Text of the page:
Bill would give help to pharmacies
By STEPHANIE HAYES
Published May 31, 2007
TAMPA - Behind a pane of glass at Carrollwood Pharmacy, employees compounded medicines and counted pills. In the store, customers chatted in line and picked up prescriptions.
U. S. Rep. Kathy Castor squeezed into the store, worried it could all disappear.
"There is just no substitute for your community pharmacist, " said Castor, who held a news conference Wednesday to discuss Medicare Part D's effect on local pharmacies.
The federal program, started in 2006, covers prescription drug costs for Medicare recipients through private insurance plans.
There is no requirement for companies to quickly repay pharmacies for the cost of medications. Castor called that "disastrous for our seniors and our community pharmacists."
Local pharmacists joined Castor on Wednesday. They said often 40 days pass before they are reimbursed for the cost of their medications, sending their businesses into debt.
"All of us had to take out loans when it first began last year, " said Carrollwood Pharmacy manager Dan Fucarino. "More and more pharmacies will close."
Castor is supporting a federal bill that would force insurers to speed up payment to pharmacies. The bill also seeks to remove the names of chain pharmacies from plan cards, a feature some independent pharmacists say drives away customers and hurts business.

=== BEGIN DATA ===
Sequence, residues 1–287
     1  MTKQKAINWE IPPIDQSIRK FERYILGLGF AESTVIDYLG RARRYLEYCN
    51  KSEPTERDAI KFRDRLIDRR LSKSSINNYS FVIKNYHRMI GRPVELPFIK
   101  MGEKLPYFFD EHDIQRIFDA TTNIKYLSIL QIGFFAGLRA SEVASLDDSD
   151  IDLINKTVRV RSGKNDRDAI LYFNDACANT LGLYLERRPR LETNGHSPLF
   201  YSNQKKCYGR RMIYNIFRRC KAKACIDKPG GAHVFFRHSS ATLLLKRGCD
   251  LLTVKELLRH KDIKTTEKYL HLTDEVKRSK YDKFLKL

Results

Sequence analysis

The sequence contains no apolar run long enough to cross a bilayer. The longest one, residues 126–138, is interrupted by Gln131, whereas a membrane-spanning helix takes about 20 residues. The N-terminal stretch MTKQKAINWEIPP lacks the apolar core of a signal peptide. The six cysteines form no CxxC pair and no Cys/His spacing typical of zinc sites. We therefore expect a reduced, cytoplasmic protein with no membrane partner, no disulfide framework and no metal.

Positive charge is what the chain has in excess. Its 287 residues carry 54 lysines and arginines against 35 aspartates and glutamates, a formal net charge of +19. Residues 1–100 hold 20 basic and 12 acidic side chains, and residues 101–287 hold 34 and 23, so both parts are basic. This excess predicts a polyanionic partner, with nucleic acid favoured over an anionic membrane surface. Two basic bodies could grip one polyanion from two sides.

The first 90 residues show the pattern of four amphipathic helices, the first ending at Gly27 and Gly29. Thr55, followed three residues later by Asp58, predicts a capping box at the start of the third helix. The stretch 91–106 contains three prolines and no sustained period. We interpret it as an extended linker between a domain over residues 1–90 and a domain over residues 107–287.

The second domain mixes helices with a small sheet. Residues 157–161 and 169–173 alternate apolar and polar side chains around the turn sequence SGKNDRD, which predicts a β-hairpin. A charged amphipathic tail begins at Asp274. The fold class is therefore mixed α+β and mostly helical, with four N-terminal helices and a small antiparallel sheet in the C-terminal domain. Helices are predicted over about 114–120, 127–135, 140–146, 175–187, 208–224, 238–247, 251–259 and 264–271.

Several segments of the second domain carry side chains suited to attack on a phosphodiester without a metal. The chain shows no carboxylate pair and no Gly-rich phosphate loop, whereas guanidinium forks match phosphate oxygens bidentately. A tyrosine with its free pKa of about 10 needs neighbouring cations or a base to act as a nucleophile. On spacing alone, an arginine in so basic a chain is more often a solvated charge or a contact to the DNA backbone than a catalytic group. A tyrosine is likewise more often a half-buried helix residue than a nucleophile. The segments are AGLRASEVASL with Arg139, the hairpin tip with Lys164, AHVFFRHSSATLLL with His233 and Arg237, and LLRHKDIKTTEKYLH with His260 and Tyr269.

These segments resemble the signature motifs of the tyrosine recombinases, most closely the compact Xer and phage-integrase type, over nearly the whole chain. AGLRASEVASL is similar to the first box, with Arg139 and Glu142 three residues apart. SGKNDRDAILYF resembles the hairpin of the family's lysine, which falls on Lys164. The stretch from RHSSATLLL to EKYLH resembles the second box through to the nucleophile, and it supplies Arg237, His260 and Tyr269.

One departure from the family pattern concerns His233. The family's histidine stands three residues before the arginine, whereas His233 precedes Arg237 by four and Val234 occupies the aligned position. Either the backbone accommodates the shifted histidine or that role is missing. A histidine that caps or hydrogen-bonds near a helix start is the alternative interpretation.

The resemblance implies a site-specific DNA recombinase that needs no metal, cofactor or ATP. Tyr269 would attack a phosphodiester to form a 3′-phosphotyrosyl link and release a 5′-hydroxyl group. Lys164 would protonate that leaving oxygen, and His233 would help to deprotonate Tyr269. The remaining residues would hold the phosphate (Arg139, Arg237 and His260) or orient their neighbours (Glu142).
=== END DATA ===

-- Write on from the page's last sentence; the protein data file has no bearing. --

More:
"Right now, we are highly indebted to the banks, " said Leke Alli, manager of Bearss Pharmacy in North Tampa.
Darele Campbell, manager of College Hill Pharmacy on N 22nd Street, said she has seen her income sliced in half since last year. Her customers, many of whom are poor, are "really dependent on us, " she said.
Castor has high hopes for the bill, which is pending in Congress.
"It's only fair, " she said. "There's no other business that is subject to the whims of the big HMOs. If you provide a service and you provide goods, you deserve to be paid in a timely manner."
Stephanie Hayes can be reached at 813 269-5303 or email@example.com.